Today the Office for National Statistics and HM Treasury published Public Sector Finances January 2013. We now have details of central government receipts, central government spending, public sector net investment, borrowing and debt for the first ten months of financial year 2012−13.
Rowena Crawford, a Senior Research Economist at the IFS, said:
“As the Chancellor prepares for his Budget next month, he will likely be disappointed by today’s public finance figures. January is an important month for receipts but, although growth in income tax receipts was strong, this was partially offset by very weak growth in corporation tax receipts. Together this leaves tax receipts running below the growth forecast for the year as a whole. Spending continues to run higher than forecast, due to strong growth in spending on both welfare benefits and on the delivery and administration of public services. As a result borrowing is now on course to be almost £7 billion higher this year than the OBR forecast in December. Therefore borrowing is more likely to be slightly higher rather than slightly lower than last year’s level, although much uncertainty remains and things could still change in the final two months of the year.
What matters more than the level of borrowing this year is the outlook for revenues and spending in the medium term. Some of the extra borrowing so far this year is due to Whitehall departments underspending by less than assumed. This may not persist and therefore might not concern the Chancellor – in particular if the money is being spent well. Potentially more concerning is the low growth in tax receipts and the high growth in spending on welfare benefits: were these to persist into future years then the large planned fiscal tightening might need to be increased.”
- Central government current receipts in January were 1.1% higher than in the same month last year. The Office for Budget Responsibility’s (OBR) latest Economic and Fiscal Outlook forecast an increase in receipts relative to last year’s levels of 1.1% for the year as a whole and of 2.4% for the period from November 2012 to March 2013 (excluding the impact of financial transactions relating to the Asset Purchase Facility). The latest figures show an increase relative to last year’s level of 0.5% for the year to date, with an increase of 1.2% when November 2012 to January 2013 are compared to the same three months last year.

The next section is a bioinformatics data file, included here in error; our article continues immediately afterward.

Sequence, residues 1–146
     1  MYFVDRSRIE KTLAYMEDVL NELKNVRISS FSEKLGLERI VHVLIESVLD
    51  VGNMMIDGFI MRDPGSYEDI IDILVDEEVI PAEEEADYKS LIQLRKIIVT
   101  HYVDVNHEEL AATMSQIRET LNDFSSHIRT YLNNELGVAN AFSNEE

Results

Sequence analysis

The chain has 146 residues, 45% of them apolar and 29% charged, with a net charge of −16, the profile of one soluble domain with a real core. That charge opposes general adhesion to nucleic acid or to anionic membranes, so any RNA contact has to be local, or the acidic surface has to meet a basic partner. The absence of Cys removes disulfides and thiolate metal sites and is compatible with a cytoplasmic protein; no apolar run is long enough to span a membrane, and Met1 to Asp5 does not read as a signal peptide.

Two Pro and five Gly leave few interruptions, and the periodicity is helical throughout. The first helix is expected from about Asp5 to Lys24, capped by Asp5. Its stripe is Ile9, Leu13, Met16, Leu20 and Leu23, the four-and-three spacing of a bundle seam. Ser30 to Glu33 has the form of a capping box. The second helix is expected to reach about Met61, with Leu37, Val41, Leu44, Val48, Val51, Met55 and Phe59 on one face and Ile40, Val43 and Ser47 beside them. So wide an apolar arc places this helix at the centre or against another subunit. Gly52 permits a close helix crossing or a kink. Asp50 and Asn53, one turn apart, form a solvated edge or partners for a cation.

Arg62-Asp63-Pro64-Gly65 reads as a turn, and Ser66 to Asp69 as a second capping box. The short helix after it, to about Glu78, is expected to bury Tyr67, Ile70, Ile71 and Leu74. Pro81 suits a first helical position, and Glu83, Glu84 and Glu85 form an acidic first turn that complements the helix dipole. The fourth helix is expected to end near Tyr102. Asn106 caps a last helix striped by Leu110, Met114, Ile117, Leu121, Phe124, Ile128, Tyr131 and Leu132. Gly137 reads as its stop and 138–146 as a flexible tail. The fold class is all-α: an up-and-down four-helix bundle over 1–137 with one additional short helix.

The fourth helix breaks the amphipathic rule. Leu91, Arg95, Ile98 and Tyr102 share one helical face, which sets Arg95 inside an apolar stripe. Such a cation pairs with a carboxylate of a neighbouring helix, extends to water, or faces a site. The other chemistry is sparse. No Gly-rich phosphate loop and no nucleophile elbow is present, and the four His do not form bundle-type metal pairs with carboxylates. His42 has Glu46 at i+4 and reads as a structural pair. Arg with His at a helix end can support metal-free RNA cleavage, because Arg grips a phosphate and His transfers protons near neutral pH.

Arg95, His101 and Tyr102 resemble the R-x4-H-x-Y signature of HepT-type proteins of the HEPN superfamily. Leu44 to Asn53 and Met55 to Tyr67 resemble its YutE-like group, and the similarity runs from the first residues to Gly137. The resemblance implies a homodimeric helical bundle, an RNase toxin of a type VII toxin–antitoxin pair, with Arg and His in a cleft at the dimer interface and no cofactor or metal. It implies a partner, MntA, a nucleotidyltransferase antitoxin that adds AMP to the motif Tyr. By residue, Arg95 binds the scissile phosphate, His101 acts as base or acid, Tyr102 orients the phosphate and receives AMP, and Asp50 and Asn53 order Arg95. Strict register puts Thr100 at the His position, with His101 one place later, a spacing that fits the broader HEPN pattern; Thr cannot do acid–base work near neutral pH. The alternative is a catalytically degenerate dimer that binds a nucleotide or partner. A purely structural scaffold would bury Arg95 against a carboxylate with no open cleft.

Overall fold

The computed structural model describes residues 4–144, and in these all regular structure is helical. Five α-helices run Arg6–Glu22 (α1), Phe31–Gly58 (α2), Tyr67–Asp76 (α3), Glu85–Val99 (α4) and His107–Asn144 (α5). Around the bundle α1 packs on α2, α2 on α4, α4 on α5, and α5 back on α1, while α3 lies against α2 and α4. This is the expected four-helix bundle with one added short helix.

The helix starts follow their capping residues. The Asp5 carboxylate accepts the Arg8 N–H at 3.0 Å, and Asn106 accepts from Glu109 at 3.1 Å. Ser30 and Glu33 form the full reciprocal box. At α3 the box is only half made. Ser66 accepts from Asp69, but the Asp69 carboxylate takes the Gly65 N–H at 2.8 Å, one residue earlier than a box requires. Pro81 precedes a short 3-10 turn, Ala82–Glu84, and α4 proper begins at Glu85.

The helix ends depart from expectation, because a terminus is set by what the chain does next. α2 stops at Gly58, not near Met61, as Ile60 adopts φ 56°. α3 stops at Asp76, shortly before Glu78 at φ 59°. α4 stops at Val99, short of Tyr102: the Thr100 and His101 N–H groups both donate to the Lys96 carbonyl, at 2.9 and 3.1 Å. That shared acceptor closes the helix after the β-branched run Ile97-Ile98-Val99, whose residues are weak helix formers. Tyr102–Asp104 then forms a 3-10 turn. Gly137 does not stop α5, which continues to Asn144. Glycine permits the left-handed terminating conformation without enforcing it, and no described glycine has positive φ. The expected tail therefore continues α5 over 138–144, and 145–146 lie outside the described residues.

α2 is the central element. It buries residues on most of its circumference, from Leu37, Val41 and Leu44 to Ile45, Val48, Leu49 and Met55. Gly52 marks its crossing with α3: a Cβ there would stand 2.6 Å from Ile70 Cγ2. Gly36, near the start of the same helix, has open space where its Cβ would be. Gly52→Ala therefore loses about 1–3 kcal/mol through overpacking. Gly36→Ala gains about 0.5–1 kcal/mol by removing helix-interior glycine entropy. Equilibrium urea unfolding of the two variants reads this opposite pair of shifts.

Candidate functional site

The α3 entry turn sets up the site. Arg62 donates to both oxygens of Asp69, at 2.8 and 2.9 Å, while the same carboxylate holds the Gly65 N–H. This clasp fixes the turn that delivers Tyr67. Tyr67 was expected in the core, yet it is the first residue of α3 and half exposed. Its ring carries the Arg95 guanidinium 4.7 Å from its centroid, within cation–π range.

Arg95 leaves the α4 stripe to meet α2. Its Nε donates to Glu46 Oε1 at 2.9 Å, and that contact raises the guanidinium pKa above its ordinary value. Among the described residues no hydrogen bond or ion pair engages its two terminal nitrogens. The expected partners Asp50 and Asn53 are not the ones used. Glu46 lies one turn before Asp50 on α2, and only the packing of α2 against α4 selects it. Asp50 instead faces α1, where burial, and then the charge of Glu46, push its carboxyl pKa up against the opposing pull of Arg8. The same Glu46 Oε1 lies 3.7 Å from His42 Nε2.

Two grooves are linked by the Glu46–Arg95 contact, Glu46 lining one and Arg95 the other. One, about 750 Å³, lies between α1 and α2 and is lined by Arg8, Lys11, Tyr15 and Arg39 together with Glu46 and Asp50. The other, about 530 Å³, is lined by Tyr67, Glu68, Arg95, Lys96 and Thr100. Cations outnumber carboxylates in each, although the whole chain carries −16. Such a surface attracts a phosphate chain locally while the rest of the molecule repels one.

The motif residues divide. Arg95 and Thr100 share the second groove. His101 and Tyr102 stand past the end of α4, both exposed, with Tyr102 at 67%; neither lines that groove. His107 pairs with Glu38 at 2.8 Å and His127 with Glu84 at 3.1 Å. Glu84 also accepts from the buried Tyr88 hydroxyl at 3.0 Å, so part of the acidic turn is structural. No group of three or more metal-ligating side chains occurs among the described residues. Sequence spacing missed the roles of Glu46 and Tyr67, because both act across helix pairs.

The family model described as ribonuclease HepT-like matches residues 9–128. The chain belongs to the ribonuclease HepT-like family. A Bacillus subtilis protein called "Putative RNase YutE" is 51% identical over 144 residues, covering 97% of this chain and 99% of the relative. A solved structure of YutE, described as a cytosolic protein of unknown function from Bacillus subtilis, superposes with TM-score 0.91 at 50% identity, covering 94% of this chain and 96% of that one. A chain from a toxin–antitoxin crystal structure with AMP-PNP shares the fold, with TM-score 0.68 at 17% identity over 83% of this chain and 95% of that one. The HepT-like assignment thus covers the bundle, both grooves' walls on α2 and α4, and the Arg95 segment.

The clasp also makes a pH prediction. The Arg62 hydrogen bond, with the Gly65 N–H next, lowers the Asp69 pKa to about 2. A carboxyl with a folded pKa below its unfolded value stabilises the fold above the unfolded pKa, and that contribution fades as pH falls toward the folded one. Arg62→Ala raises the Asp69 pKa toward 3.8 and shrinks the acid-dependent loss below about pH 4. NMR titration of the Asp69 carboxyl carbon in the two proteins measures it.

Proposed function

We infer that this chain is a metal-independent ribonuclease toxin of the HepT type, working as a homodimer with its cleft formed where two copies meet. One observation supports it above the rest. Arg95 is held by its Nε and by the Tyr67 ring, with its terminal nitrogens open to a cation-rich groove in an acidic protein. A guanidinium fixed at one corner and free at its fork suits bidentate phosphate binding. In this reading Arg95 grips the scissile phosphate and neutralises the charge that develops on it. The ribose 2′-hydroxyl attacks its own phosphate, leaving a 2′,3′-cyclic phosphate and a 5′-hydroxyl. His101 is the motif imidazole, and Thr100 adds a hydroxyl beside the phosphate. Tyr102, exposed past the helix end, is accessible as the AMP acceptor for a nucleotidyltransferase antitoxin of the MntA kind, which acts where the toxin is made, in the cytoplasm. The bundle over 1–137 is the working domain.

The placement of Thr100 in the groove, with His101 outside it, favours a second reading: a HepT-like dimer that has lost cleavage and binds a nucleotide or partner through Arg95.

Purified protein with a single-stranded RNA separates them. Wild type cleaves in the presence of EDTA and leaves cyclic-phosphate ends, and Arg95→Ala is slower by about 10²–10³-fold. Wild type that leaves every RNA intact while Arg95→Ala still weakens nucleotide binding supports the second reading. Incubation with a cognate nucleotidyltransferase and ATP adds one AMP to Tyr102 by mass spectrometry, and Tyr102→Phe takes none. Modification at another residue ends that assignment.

- Central government current spending in January was 4.1% higher than in the same month last year. The OBR’s latest forecast implies an increase relative to last year’s level of 2.4% for the year as a whole and of 2.7% for the period from November 2012 to March 2013. The latest figures show an increase relative to last year’s level of 2.7% for the year to date, with an increase of 4.0% in November 2012 to January 2013 compared to the same three months in 2011–12.
- Public sector net investment in January was £3.5bn, £0.1 billion more than was spent in January 2012. Public sector net investment between April 2012 and January 2013 has been £17.8bn (excluding the impact of the transfer of assets from the Royal Mail Pension Plan to the public sector), which is 0.9% lower than in the same ten months of 2011–12. The OBR’s latest forecast was that net investment in 2012–13 would be £21.8bn (adjusting for the impact of financial transactions relating to the Asset Purchase Facility and Royal Mail, and the reclassification of the SLS payment as a current receipt), which is 24.0% below last year’s level.